'Radiation clouds' may be a hazard for frequent flyers
It was a research flight like no other. In October 2015, a National Science Foundation aircraft was flying over Antarctica to measure the ice thickness as part of NASA's Operation Ice Bridge. On board was a NASA-funded device to monitor in-flight radiation in real time.
Back on the ground, scientists were keeping watch over the readings and noticed something unexpected in the data. Radiation levels spiked and they couldn't figure out why. They were expecting to measure galactic rays, streaming in from space, or radiation from the sun's periodic solar flares, but the radiation spike they saw on this flight, was neither of those things.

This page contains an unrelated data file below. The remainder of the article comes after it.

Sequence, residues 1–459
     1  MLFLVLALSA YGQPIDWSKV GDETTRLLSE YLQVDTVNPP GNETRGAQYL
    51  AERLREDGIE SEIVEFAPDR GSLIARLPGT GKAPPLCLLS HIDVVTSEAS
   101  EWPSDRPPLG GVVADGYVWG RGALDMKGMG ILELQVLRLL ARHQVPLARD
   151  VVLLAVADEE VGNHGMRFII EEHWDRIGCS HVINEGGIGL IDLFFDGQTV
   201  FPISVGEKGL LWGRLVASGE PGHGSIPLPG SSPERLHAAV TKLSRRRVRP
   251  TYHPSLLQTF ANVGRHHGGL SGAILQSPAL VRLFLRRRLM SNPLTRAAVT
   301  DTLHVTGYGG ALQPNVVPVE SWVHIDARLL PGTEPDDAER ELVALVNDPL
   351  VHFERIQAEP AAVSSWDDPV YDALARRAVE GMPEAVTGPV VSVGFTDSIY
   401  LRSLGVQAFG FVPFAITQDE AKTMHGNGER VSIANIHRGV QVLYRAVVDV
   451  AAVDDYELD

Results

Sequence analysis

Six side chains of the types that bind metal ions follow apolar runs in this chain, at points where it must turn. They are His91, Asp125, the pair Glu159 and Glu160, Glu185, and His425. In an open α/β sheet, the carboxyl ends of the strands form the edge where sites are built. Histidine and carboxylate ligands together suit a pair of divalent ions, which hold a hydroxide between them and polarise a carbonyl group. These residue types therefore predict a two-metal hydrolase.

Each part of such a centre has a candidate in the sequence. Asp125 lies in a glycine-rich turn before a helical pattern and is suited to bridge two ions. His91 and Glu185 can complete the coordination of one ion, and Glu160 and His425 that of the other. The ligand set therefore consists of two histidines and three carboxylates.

Well, a couple of hundred test flights later, scientists finally think they have an explanation - 'radiation clouds.'
Dr. W. Kent Tobiska, the President and Chief Scientist of Space Environment Technologies, describes the 'radiation clouds' as coming from the Earth's own magnetosphere. When solar wind comes in from the sun, it 'jiggles' electrons in the Earth's magnetosphere. Those electrons get funneled down to the atmosphere, which hits oxygen and nitrogen and then sprays gamma rays like a beam towards Earth. When a plane flies through this beam, it's like a 'radiation cloud.'
People who fly through these clouds could be exposed to levels of radiation that exceed monthly allowances.